By Matthew Barrett
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Earlier today, on Comment, Daniel Hannan MEP wrote:
"Today, the People’s Pledge announces the most ambitious campaign ever to secure an In/Out referendum. It aims to show MPs in all parties that there is a premium in doing the right thing: that supporting a referendum carries an electoral reward. It is backed by supporters of every party and none, and by prospective ‘Yes’ as well as ‘No’ voters. I am confident that it will succeed: the momentum is now wholly one way."
In a LabourList post this morning, Director of Communications for the People’s Pledge, Ian McKenzie, gave details of the "most ambitious campaign ever" for a referendum. McKenzie explained that the People's Pledge would hold an in/out referendum in a single constituency early this year, followed by ten later this year, and 100 next year.
The referendums will be independently administered by Electoral Reform Services Ltd and conducted by full postal ballot. The People's Pledge will next week chose the first referendum seat from one of the following shortlisted constituencies:
- Belfast East (Alliance) (Naomi Long)
- Bolton West (Labour) (Julie Hilling)
- Carshalton and Wallington (Liberal Democrat) (Tom Brake)
- Corby (Conservative) (Louise Mensch)
- Easington (Labour) (Grahame Morris)
- Eastleigh (Liberal Democrat) (Chris Huhne)
- Gower (Labour) (Martin Caton)
- Halifax (Labour) (Linda Riordan)
- Ipswich (Conservative) (Ben Gummer)
- Newcastle-under-Lyme (Labour) (Paul Farrelly)
- Thurrock (Conservative) (Jackie Doyle-Price)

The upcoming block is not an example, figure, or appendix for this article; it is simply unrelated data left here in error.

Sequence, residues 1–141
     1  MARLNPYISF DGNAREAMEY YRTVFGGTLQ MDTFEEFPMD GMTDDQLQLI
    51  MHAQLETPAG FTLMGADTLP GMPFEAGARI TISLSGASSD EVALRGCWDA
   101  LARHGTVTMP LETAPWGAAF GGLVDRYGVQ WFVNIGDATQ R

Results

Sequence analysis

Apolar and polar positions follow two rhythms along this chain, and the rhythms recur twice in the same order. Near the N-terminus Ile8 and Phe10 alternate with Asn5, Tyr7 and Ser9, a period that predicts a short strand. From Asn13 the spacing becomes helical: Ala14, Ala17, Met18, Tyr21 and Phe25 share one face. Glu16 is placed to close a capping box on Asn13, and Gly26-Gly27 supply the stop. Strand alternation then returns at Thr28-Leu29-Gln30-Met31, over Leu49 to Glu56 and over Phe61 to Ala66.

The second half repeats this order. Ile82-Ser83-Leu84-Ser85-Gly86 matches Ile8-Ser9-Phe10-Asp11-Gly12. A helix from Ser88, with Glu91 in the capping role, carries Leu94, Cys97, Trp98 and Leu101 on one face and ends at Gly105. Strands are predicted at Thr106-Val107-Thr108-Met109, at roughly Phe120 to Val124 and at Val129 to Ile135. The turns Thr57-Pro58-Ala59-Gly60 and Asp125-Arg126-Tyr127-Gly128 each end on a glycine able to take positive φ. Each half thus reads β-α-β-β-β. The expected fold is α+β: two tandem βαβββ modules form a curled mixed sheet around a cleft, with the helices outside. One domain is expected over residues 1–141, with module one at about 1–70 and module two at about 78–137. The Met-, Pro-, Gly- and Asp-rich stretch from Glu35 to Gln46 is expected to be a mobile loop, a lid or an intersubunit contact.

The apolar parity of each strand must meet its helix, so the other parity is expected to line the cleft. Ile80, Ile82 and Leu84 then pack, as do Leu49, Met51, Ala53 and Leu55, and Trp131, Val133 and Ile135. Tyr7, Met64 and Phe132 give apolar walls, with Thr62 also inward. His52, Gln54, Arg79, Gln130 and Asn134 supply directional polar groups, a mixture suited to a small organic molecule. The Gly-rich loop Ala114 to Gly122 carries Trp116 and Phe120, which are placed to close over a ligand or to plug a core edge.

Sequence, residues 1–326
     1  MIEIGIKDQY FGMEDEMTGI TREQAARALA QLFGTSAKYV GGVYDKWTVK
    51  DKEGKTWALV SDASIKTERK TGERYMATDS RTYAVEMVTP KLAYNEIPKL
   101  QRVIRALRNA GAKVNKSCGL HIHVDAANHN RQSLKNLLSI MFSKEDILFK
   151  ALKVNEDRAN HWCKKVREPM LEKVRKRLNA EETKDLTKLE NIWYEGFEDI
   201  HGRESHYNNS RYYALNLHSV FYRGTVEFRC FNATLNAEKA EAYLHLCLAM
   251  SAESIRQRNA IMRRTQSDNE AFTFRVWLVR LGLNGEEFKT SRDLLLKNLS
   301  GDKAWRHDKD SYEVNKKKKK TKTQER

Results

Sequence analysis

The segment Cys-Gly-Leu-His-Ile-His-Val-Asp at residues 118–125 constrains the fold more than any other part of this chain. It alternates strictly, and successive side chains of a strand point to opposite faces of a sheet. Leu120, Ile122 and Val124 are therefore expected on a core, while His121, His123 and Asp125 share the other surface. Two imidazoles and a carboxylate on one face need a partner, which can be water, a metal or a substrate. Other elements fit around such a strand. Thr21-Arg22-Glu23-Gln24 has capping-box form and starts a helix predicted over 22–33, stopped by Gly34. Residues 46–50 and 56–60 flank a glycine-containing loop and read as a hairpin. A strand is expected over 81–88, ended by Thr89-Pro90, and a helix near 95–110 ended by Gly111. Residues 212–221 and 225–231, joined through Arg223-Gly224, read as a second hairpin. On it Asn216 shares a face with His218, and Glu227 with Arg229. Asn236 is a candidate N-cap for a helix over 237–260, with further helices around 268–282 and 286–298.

- Torridge and West Devon (Conservative) (Geoffrey Cox)
- Western Isles (SNP) (Angus MacNeil)
The constituencies are spread around the country and spread amongst the parliamentary parties – and the sitting Members for the seats are united in not having signed the People's Pledge for a referendum. The People's Pledge has also avoided frontbenchers – apart from Chris Huhne. The first referendum, which will close at 5pm on Thursday 5th April, will present constituents in the chosen seat with an opportunity to persuade their Member of Parliament to sign up for a referendum.
As the constituency referendums take place later this year and next year, it is hoped that MPs who were unable to support the 81 Conservative and 19 Labour Members who voted for a referendum at the end of last year, will feel compelled to agree to the need for a referendum by the strength of grassroots support in their constituencies. The People's Pledge are aiming to create a proper, by-election style campaign, with local headquarters, door-to-door canvassing, leafleting, street stalls, public meetings, etc – and, crucially, a turnout of over 10,000 per seat, which should indicate the strength of grassroots feeling.
Under present boundaries, each seat represents about 70,000 constituents, and therefore to get 10,000 voters (or more) in each seat would be a very ambitious task. To add to the enormity of the project, it should be remembered that there is no precedent for a grassroots campaign holding seat-by-seat referendums. Perhaps the only comparison to make is that of the privately-funded campaign organised in Scotland in 2000 by Sir Brian Souter, to resist the repeal of Section 28. That campaign sent 3,970,712 postal ballots to voters, and achieved a turnout of about 32%.
It should also be remembered that both the Government and Opposition front benches are opposed to the substance of the campaign – holding a referendum on the EU – and therefore MPs who do sign up to the Pledge are effectively defying the whips. This won't deter backbenchers who regularly vote against their leadership on European issues, but it will be a important factor in the decision made by backbenchers not known for rebelling on European issues.
Although, given the challenges set out above, I suspect it is unlikely that the People's Pledge will be able to convert a high proportion of MPs to the cause of an in/out referendum, greater transparency amongst MPs, more public support for a new relationship with Europe, and greater public participation in politics would be a step in the right direction. It would be especially pleasing for Europhile MPs in safe seats to be reminded that many of their constituents do care about Europe, and would like a say, even if it isn't Party policy.